Government wants to improve recycling rates with greater responsibility on producers to pay for costs of dealing with packaging
MPs have called for a tax on all single-use plastic packaging and also raised concerns that compostable plastics are being introduced without consumers knowing how to dispose of them.
The Environment, Food and Rural Affairs Committee says a “fundamental shift” away from all single-use packaging is needed to help the environment. It says the government should review systems where customers can reuse and refill containers to see what works and where official intervention could encourage retailers to offer refillable options.
The government has unveiled plans to improve recycling rates, with a greater responsibility on producers to pay for the costs of dealing with packaging, a deposit return scheme on drinks containers and more consistency in local council recycling collections.
The committee’s report, which looked specifically at food and drink packaging, backed these moves.
It also called for the proposed plastic packaging tax – which will tax packaging with less than 30 per cent recycled content – to have lower fees for higher levels of recycled material.
In the backlash against plastic, there was increasing use of alternatives such as aluminium, glass, paper and plastics made from biological materials or which are compostable, the report found.
However, these all have environmental impacts, potentially causing problems such as pushing up energy use and carbon emissions, while there is confusion over compostable plastics and issues with disposing of them, the report stated.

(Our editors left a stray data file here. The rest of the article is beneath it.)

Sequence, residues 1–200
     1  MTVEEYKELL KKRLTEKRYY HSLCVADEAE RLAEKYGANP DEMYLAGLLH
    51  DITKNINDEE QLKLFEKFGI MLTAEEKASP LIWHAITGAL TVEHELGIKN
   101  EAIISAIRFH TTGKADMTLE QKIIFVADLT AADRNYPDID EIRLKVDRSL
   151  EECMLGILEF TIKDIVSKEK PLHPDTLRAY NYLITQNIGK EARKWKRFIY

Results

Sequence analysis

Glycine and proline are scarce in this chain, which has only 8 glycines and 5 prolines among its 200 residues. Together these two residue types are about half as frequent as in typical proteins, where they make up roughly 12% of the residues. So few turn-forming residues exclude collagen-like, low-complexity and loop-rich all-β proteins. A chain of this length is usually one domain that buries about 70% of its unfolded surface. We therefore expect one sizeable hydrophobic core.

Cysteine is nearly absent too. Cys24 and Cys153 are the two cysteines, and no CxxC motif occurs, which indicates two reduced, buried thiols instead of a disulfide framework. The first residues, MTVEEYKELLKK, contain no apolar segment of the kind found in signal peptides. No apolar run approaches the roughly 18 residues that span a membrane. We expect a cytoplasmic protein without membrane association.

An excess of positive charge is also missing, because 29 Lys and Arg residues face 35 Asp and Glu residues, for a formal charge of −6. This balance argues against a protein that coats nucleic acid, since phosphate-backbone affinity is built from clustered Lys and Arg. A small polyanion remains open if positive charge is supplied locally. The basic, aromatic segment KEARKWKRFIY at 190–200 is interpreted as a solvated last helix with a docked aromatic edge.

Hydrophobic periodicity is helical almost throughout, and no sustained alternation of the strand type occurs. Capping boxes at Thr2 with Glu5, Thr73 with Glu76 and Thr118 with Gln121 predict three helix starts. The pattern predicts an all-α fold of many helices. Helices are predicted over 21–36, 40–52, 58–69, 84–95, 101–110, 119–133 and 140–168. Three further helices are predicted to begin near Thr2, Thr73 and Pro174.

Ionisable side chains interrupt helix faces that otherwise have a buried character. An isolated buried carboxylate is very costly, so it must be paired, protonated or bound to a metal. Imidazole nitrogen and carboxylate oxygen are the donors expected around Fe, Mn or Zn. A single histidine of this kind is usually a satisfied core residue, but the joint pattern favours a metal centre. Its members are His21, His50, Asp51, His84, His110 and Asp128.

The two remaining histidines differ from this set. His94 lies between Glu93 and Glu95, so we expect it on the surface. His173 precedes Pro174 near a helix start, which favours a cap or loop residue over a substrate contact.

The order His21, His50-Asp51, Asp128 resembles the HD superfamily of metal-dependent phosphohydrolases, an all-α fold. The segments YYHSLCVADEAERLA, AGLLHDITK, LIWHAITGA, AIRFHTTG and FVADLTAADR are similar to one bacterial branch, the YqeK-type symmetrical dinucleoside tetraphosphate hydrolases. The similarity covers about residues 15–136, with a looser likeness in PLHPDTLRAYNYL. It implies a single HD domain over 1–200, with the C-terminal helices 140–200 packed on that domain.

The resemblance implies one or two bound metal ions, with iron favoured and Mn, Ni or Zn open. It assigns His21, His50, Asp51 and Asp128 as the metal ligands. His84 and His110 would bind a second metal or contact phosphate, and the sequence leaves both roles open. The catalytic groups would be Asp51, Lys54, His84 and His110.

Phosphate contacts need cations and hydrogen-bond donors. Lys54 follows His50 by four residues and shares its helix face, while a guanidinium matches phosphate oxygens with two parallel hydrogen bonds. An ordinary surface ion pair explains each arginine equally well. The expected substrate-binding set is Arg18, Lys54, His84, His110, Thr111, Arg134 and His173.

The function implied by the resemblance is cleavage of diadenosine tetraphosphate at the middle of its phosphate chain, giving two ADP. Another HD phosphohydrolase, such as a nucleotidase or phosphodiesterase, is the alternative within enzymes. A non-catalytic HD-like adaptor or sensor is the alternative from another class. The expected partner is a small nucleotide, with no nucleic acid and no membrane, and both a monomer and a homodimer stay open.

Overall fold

Committee chairman Neil Parish said: “We all know that plastic pollution of our rivers and seas is a huge problem. However, replacing plastic with other materials isn’t always the best solution, as all materials have an environmental impact.
“My committee is also concerned that compostable plastics have been introduced without the right infrastructure or consumer understanding about how to dispose of them. Fundamentally, substitution is not the answer, and we need to look at ways to cut down on single-use packaging.”
Refill schemes already being piloted include the Waitrose Unpacked trial being rolled out to several stores, which has refillable options for products ranging from wine and beer to cereals, pasta and cleaning products.
Another is Loop, run by TerraCycle and set to be piloted in collaboration with Tesco, which will deliver products ordered online to homes in reusable containers that will then be collected, cleaned and refilled.
The report said parliament should lead by example and try to remove all single-use packaging from its catering facilities.
The MPs said the government was not putting enough emphasis on reducing plastic food and drink packaging in the first place, and called for a fundamental shift away from all single-use packaging of various materials.
Mr Parish said: “Currently, packaging labelling can be confusing, unclear, or even misleading. Ensuring that all local authorities collect the same plastics for recycling will make it easier for packaging to be labelled, so consumers know whether that packaging is recyclable or not.”
The growth in single-use consumer plastics has fuelled a surge in plastic pollution around the world. It is estimated there are now 5.25 trillion pieces of ocean plastic debris, and a recent report estimated the quantity of plastic in the sea will treble by 2025.
Around 40 per cent of plastics are thought to enter the waste stream in the same year they are produced.
Louise Edge, head of Greenpeace UK’s ocean plastics campaign, told The Independent: “Plastic is harmful to wildlife and remains in our oceans for hundreds of years.
“But when companies switch from plastic to paper packaging, this amounts to chopping down trees to save the oceans, and all too often so-called compostable alternatives don’t actually break down as they should. These are false solutions.
“Shifting away from all single-use packaging is definitely the right move. The government must act on the recommendation to review reusable and refillable packaging models, and must set clear plastic reduction targets in the upcoming environment bill.”
Additional reporting by PA